Once a relationship exists, you can see the information about relationships for a specific entity using the Linked Entities Module in Entity Edit. This module will list all relationships organized by Entity Type and Field, including when the relationship is either outgoing or incoming (i.e., another entity is pointing to it). The arrow indicates the relationship direction – if the arrow is pointing to the right, the relationship is outgoing, meaning is pointing to other entities. If the arrow is pointing to the left, the relationship is incoming, meaning another entity is pointing to it. You can view the count of entities that the entity you are on is related to, or you can click on the field name to view the list of entities related.

You can also navigate to the specific field where the relationship is stored for the Entity in Entity Edit. If the relationship is stored on the entity, that means the relationship is outgoing; clicking into the relevant field should show all the entities linked from the entity you are viewing for that particular relationship.

Linked Entities Module

Common Use Cases

There are many reasons to want to link entities together. For example:

  • Pull in data from linked entities for Pages (e.g., feature doctor headshots on a facility page or featured menu items on a restaurant page).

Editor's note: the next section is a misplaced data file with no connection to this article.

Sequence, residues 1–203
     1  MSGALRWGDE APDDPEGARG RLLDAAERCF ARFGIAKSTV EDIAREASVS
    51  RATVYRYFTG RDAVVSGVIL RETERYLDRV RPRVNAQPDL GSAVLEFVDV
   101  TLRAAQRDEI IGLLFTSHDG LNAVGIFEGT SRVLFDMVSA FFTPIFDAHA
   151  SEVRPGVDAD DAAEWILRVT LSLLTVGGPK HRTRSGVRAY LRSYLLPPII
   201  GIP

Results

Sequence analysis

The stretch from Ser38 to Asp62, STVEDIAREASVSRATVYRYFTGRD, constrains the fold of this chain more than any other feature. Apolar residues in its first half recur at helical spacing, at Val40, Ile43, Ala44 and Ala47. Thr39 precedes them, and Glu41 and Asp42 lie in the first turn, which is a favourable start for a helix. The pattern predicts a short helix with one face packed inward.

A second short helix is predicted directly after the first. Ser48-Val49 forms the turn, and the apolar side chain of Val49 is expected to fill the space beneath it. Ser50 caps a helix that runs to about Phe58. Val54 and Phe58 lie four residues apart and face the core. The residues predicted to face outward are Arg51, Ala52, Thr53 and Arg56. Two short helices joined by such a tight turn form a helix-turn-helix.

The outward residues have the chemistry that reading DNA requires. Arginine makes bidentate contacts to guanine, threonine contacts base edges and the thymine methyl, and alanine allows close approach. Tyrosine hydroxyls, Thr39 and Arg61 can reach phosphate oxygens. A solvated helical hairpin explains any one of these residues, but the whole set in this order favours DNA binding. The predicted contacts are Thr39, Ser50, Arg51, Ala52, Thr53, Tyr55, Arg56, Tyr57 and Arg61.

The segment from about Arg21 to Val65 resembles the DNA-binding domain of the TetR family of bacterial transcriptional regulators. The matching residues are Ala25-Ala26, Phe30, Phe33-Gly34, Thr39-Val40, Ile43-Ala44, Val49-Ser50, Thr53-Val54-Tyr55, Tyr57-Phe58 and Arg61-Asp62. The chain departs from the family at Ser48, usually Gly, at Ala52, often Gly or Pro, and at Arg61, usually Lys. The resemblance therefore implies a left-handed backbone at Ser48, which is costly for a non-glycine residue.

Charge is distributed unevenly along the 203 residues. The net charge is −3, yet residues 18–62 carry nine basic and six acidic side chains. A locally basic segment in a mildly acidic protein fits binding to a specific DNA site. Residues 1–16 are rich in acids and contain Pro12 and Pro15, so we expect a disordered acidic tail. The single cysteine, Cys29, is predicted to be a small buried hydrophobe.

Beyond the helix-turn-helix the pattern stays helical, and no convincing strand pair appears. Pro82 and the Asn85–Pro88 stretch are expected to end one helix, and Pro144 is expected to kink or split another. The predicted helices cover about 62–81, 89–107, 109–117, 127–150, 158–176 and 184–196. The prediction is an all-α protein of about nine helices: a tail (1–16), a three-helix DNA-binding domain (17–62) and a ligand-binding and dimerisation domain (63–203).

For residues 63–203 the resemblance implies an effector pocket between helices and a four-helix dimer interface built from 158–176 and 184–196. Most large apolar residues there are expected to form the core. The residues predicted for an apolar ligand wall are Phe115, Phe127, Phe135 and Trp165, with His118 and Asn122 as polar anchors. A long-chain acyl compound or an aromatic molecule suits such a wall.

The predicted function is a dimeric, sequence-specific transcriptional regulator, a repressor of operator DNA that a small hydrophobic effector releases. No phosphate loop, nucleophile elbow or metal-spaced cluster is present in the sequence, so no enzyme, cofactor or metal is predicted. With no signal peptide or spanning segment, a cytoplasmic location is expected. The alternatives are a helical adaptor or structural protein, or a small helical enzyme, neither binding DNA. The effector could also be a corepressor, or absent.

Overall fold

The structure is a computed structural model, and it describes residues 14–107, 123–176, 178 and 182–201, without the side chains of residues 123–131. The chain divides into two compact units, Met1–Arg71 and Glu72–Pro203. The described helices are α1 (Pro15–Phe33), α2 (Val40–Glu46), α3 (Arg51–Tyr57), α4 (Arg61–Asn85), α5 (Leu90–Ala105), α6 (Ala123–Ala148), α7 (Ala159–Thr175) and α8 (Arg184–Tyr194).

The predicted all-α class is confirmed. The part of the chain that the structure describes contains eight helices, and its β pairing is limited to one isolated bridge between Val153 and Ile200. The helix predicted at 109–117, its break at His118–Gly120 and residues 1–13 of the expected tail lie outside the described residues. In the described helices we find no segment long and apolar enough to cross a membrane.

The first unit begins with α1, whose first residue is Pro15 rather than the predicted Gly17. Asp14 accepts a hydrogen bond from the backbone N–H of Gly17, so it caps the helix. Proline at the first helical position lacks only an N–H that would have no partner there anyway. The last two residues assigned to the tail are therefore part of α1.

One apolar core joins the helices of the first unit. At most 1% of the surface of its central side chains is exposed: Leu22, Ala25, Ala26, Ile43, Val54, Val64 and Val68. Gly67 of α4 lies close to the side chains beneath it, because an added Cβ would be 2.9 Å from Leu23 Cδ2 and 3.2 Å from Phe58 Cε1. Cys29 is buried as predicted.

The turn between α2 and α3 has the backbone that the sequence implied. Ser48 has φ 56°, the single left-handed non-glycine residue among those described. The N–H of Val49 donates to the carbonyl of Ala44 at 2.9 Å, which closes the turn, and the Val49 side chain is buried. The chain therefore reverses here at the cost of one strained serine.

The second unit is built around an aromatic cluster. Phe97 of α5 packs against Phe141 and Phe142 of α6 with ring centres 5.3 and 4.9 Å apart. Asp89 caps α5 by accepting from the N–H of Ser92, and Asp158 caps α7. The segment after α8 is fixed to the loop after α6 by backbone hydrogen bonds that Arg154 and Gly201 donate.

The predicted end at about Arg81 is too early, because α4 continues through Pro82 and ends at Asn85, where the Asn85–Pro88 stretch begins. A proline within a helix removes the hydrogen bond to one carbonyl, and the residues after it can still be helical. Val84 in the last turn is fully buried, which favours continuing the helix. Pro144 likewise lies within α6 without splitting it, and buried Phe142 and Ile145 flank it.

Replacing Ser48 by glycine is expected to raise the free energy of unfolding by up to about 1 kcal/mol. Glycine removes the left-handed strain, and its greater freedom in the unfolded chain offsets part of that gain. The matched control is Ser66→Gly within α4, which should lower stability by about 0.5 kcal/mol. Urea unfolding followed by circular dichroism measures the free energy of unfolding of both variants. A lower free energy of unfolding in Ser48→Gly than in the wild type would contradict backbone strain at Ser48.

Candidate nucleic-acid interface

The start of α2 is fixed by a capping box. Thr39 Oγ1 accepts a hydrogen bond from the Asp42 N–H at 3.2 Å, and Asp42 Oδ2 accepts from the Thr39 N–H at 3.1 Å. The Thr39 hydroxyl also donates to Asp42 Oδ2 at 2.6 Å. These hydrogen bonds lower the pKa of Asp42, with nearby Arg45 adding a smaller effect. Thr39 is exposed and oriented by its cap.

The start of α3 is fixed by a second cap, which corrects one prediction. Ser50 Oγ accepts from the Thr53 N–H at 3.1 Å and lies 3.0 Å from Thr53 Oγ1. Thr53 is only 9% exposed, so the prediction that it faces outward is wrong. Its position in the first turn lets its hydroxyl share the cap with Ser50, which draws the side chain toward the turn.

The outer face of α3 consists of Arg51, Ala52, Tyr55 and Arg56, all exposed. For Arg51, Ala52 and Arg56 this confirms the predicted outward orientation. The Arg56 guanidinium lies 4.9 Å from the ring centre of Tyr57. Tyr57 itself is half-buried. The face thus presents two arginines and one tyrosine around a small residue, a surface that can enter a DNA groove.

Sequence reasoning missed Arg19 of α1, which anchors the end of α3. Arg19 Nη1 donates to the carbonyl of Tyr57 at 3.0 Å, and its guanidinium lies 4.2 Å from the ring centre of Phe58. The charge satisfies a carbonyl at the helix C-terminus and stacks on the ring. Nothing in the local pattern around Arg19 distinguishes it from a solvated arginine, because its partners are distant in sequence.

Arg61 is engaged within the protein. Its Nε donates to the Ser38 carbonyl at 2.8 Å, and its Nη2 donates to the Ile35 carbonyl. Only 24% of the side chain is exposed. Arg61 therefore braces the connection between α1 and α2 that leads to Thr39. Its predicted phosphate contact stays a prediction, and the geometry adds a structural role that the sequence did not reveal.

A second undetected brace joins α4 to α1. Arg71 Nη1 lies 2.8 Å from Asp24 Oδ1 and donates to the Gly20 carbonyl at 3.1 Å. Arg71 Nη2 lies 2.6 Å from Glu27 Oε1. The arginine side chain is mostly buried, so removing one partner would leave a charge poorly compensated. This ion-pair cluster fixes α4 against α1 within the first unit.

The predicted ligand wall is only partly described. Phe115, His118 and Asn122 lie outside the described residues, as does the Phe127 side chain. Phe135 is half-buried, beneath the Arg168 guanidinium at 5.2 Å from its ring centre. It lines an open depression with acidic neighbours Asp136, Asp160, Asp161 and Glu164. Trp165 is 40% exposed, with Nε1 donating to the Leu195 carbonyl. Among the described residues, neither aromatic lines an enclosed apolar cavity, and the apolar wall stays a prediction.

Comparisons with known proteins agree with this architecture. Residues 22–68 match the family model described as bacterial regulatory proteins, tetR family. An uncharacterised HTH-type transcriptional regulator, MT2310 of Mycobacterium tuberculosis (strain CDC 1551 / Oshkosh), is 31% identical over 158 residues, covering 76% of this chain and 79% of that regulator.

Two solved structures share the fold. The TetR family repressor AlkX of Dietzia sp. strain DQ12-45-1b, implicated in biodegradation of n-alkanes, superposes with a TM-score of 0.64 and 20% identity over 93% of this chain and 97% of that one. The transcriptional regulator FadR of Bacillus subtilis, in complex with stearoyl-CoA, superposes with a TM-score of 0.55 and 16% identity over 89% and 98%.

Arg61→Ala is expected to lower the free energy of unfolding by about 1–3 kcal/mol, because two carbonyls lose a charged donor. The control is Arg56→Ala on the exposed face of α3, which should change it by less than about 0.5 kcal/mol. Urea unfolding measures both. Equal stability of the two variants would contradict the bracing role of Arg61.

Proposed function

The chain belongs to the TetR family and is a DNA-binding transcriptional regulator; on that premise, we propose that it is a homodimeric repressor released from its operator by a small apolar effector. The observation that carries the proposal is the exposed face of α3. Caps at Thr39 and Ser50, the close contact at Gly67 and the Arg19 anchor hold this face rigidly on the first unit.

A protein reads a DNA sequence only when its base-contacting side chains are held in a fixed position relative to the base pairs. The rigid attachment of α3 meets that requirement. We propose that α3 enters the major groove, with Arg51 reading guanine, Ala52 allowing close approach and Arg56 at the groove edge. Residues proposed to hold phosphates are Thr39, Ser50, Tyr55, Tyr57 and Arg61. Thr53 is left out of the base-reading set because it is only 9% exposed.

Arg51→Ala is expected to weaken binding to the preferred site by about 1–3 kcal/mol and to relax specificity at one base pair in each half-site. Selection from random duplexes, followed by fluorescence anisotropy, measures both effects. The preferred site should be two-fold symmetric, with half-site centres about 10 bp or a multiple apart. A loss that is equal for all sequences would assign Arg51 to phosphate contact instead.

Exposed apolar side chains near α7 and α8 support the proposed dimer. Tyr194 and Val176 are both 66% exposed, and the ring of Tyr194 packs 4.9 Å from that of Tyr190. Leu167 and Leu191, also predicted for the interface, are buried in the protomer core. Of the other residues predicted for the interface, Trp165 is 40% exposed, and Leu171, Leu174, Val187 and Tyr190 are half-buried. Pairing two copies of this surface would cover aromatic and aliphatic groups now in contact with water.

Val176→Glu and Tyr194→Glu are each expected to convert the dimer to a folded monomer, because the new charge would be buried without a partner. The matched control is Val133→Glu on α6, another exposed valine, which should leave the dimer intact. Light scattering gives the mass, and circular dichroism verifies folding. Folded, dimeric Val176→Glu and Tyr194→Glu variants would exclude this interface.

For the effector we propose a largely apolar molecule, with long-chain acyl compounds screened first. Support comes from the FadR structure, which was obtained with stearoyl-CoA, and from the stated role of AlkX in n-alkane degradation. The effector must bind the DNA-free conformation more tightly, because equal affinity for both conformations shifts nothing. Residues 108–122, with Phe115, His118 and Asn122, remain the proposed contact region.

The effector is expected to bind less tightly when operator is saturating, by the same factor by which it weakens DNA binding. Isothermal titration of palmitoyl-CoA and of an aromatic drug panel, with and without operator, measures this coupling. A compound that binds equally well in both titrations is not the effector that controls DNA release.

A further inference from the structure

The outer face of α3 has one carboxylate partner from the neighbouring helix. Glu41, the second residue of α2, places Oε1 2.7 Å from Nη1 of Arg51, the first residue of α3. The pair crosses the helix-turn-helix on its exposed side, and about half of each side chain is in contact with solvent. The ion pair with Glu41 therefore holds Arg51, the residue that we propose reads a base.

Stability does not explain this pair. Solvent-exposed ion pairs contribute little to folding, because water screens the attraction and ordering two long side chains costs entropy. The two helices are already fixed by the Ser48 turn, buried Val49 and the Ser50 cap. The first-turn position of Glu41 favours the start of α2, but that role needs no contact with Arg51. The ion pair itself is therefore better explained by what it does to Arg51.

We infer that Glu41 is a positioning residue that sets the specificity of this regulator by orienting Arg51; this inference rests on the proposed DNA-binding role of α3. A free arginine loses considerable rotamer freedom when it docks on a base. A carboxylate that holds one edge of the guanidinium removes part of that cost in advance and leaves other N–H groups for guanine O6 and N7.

• Relate entities together to answer questions (e.g., “where does Dr. Sara work?” or “what offices have open job positions”)

  • Filter related entity names in Answers (like condition names for Healthcare Professionals for queries like “doctors who treat back pain”)

  • Organize your data for easier management (e.g., bulk editing)

Updating Linked Entity Fields

You can update the linked entity fields just like any other field! You can use the platform for single or bulk edit and we will display an easy-to-search UI for selecting the related entities. You can also use Entity Upload or use the API to update these fields – all you’ll need is the Entity ID (unique identifier) of the related entities.

Important Considerations

While this feature is very powerful, there are a few things to keep in mind when working with Linked Entities:

  • You can use Validation to determine what types of entities can be linked (e.g., if you only want users to be able to select the Location type entity). In the video above, you’ll see that we added validation so that only Location-type entities were selectable.

  • You can use Validation on the item count to limit the number of relatable entities (1 to unlimited).

  • For Answers, you can only use the related entity’s name for filters or indexing. You cannot use other related data at this time.

unit Quiz
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    Error Success Question 1 of 4

    How do you relate entities together?

    Error Success Question 2 of 4

    Are you able to define what types of entities can be selected?

    Error Success Question 3 of 4

    True or False: If you link a Restaurant entity with an Event entity, you can display content from the Event entity on a Restaurant page?

    Error Success Question 4 of 4

    True or False: If you link a Condition entity to a Healthcare Professional entity, you can use the Condition name to filter Healthcare Professionals in Answers (for example, a search for 'doctors that treat condition x')?